Sales Letters: The Underrated Marketing Strategy That Still Converts

You’re considering a long-form sales letter to introduce your new product or service. You think it could be an effective way to get more information to prospective customers and persuade them of the investment.

But aren’t long-form sales letters a thing of the past? And how do you convince your target audience to keep reading?

A good long-form sales letter can still be an effective marketing tool. We’re sharing some components your sales letter needs to hook, engage, and persuade your audience.

Before we dive in, we need to talk about what a sales letter is and when you need one.

When your prospective customer needs more information than what the average product page provides, a sales letter explains your product or service in greater detail. Your prospective customer needs more convincing to make the purchase.

Founder of Launch Space Nico Prins says a landing page is most suited for:

  • Information products like online courses or PDFs
  • A limited time offer or heavily discounted product
  • A product that costs more than $20
  • A product that solves a problem your target audience is facing


Your goal with a long-form sales letter is to persuade readers to take the next step you’re asking them to take — to “buy now” or “sign up today.”

To win over your target audience, you’ll want to include these elements in your long-form sales letter and organize them into strategic sections in your mailer, landing page, email, or other marketing communications.

1. A Strong Headline and Subheadline

Every good sales letter starts with a powerful headline and supporting subheadline.

Your headline should be the biggest text on the page. In your headline, focus on a significant problem your customer is facing, explain how your product or service solves that problem, and quickly give a summary of what the reader will learn in the rest of the sales letter.

The subheadline should clarify the header more. The headline and subheadline work together, but both should have a clear enough message to also stand alone.

2. Relevant Media

Although a long-form sales letter relies heavily on copy, including some relevant photos or videos provide visuals for understanding your product or service and breaks up large sections of text.

The best media works with your copy, not against it. Don’t overpower your letter with too many images or videos or lose your audience with irrelevant media content. How-to videos for using your product, video testimonials or interviews, illustrations, and animations make great media content.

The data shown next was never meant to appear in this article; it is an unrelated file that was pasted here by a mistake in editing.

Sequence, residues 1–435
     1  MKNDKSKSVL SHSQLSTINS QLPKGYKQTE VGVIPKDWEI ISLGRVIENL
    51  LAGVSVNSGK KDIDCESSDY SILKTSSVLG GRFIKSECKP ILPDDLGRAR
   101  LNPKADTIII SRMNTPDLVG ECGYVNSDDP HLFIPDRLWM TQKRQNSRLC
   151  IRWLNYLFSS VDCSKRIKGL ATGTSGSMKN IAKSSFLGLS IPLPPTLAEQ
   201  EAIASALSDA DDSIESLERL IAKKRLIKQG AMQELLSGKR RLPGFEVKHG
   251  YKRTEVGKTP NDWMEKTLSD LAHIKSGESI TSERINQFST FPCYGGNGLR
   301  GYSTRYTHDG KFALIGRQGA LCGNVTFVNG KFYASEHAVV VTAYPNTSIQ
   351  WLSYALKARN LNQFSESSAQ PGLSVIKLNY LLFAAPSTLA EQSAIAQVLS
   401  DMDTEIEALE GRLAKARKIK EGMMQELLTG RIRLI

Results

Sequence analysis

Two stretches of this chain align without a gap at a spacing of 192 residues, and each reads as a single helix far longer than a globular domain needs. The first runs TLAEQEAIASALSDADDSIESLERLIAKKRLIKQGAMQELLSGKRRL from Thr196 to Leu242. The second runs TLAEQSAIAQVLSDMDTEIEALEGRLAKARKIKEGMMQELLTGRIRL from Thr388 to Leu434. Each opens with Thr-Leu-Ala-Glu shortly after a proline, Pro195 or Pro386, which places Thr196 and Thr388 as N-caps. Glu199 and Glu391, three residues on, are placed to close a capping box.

3. Call to Action

The call to action (CTA) is essential to any sales letter. The CTA is the next step you want people to take on their customer journey now that they understand how your product or service solves their problem.

Your CTA should be concise, clear, and easy to do. “Buy Now” and “Register Today!” are good examples. Position your CTA as early as you can for customers who are already convinced. Then include CTAs wherever possible. There’s (almost!) never a bad time to ask your audience to act.

4. The Copy

The immense amount of copy makes a sales letter “long-form.” A sales letter should give your audience detailed information about your product or service, explain how it solves a problem your audience is facing, and list the benefits that make your offer irresistible.

We know what you’re thinking: you don’t want to overwhelm your reader with too much copy. Remember, organization is key. You won’t overwhelm your audience if you use a strategic, organized marketing framework. You can find tons of frameworks for sales letters online, but we wrote about one of our favorites — Hook, Story, Offer — here!

5. Testimonials (and More Testimonials!)

Testimonials from customers or clients are the best way to convince your audience to invest in your brand. We agree with entrepreneur Neil Patel: put your testimonials at the end of your letter “right at the last chance for a conversion.”

Quotes from customers, post-purchase reviews, and interviews with happy customers or clients make great testimonials. If you’re unsure how to gather testimonials, we wrote a whole blog post about how to get started here!

When you include these elements and a final CTA, you’ll have a long-form sales letter that keeps your target audience engaged and generates sales. Still unsure how to craft a long-form letter for your product or service? Let our team at Sigl Creative help you turn prospects into customers. Schedule a call today, and our copywriters and designers will create a sales letter that converts.

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